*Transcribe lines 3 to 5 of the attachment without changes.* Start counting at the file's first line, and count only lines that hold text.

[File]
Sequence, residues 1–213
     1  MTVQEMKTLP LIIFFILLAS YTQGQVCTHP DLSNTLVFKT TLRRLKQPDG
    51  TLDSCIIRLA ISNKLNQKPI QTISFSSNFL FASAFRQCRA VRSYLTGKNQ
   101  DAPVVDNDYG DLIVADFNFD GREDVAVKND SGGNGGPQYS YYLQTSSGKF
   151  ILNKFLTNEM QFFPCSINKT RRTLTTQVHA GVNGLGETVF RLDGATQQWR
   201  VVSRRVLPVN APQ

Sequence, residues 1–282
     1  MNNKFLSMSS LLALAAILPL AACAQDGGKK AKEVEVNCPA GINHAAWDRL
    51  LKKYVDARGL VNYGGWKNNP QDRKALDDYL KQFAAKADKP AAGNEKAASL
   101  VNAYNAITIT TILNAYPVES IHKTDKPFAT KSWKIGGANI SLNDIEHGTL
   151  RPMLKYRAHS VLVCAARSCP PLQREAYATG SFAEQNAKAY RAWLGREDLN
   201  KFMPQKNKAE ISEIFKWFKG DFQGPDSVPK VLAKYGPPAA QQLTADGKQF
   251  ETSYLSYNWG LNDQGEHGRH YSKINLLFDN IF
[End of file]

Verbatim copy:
    51  TLDSCIIRLA ISNKLNQKPI QTISFSSNFL FASAFRQCRA VRSYLTGKNQ
   101  DAPVVDNDYG DLIVADFNFD GREDVAVKND SGGNGGPQYS YYLQTSSGKF
   151  ILNKFLTNEM QFFPCSINKT RRTLTTQVHA GVNGLGETVF RLDGATQQWR